in Queer Muslim diasporas in contemporary literature and film
Sabine Lee

that conflict-related sexual violence (CRSV) is neither limited to barbaric genocidal conflicts such as those described in previous chapters, nor is it limited to irregular armed groups of dubious military or paramilitary ethos in unregulated conflicts untouched by considerations of international law. In the reported case, soldiers from a country with military traditions that claim to instil ethical behaviour into their troops during training were faced with misconduct allegations; this indicates that even in operations which are tasked with protecting the local

in Children born of war in the twentieth century
A feminist debate in internet time
Shilpa Phadke

Sarkar had been quoted saying that she refused to provide more details about the complainants or the complaints ‘to protect the identities of those who feared professional retaliation and retribution like we often see in academia’ (quoted in Chatterjee, 2018 ). There were also discussions around the anonymity of the accusers, to which Chakravarty (2019) argues that discourses around sexual violence have been based on ‘the presence of a victim, a surviving body as the evidence of survival’ and that the list denied these voyeuristic

in Intimacy and injury
Corpse, bodypolitics and contestation in contemporary Guatemala
Ninna Nyberg Sørensen

historical context, including the legacy of the armed conflict. The fifth section discusses what Nelson (1999) has termed ‘the splattered body politics’ in processes of state formation in Guatemala. Gendering the corpse: homicide, femicide and feminicide Sexual violence against women is known in almost all corners of the world, but systematic violent killings of women seem to be concentrated in specific areas. The border town of Ciudad Juarez in northern Mexico is perhaps the best-known case, but other areas in the world also show high incidence of violent killings of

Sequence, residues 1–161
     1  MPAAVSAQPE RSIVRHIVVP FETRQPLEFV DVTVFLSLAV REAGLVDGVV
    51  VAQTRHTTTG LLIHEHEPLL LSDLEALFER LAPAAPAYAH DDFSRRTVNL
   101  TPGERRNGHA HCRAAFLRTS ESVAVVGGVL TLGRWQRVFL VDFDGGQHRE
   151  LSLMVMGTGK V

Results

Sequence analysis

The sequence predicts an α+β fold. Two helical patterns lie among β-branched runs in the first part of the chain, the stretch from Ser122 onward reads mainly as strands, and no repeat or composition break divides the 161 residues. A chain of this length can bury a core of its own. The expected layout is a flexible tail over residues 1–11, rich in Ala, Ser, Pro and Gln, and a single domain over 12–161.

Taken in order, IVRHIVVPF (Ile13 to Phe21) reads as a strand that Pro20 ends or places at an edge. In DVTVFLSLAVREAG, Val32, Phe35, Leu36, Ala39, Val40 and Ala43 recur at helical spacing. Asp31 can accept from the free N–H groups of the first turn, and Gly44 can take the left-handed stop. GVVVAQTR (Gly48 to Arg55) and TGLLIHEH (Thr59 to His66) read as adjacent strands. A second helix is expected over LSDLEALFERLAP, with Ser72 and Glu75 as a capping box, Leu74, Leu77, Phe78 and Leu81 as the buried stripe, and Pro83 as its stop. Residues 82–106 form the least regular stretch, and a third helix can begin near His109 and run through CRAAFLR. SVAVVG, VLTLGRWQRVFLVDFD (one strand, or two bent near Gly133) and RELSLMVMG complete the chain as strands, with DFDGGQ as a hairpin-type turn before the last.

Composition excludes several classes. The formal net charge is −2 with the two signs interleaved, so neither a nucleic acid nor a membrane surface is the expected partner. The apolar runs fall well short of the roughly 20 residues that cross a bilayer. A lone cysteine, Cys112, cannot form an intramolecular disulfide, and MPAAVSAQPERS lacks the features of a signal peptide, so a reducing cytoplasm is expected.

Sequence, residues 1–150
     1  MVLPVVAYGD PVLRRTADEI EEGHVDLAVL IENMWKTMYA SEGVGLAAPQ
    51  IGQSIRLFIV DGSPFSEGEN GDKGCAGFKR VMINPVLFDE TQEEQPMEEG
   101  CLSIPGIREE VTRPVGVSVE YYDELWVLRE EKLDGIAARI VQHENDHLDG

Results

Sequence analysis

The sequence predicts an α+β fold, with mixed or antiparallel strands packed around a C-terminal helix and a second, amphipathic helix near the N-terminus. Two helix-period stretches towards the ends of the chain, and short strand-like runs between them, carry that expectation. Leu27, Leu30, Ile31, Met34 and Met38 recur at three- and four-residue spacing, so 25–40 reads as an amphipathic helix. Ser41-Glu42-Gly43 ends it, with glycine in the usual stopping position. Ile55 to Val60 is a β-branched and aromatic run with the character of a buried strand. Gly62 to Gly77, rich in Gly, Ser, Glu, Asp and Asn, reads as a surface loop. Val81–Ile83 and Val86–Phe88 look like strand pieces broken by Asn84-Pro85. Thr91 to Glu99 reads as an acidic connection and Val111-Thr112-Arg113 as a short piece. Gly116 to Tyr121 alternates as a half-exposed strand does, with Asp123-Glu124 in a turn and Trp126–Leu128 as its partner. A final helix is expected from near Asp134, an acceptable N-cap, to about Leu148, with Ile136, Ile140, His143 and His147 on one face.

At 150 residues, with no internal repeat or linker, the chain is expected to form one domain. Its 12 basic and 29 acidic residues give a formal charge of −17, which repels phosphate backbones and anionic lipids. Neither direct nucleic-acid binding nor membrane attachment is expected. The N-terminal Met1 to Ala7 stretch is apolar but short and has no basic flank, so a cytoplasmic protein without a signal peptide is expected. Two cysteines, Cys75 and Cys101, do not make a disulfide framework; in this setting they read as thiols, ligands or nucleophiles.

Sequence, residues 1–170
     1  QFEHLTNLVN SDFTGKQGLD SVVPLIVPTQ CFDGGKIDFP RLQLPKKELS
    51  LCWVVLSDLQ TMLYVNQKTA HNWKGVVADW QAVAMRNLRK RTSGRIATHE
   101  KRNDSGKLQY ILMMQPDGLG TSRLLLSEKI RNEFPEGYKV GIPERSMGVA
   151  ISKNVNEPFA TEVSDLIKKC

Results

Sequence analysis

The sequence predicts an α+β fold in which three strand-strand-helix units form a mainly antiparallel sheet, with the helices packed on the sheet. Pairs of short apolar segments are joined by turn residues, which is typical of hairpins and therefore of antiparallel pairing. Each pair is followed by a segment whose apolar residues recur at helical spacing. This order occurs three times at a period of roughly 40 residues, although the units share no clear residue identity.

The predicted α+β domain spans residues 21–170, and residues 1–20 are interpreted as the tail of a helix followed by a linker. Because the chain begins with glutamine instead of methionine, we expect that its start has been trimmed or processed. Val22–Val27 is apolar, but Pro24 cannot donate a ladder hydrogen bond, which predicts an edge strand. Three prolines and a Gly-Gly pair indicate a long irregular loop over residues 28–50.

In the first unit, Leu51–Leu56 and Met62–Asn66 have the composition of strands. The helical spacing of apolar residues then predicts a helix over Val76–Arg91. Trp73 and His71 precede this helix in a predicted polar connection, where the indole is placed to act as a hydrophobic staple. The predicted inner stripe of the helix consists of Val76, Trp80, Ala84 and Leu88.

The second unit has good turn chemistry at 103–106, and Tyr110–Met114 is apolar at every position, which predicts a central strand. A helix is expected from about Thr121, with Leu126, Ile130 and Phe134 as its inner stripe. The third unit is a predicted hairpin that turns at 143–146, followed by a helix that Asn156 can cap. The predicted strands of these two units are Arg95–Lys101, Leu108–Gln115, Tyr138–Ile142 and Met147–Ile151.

in Governing the dead
Transnational reflections from Brazilians in London and Maré, Rio de Janeiro
Cathy McIlwaine, Miriam Krenzinger, Yara Evans, and Eliana Sousa Silva

). Poor-quality housing where residence is insecure, overcrowded and/or in makeshift dwellings can make women vulnerable to burglary, theft and multiple forms of sexual violence (Chant, 2013 ), together with lack of street lighting and restricted access to safe and affordable transport (McIlwaine, 2016 ). In turn, in slum communities where sanitary facilities are located far from people’s homes it has emerged that women experience heightened levels of GBV, especially at night (Bapat and Agarwal, 2003 ). Urban public spaces can be sites of risk for women linked not

in Urban transformations and public health in the emergent city
Configurations of con/destructive affective activism in women’s organising
Peace Kiguwa

-being; post office – public office responsible for postal services and communication that becomes the violent rape and death scene of a young woman; police station – right next door to the same post office; university – place of learning and teaching rife with told and untold stories of sexual harassment and sexual violence; township and suburb – geographical sites of living that continue to reflect the inequalities of a society; parliamentary building – office of the highest legislature in the country

in Intimacy and injury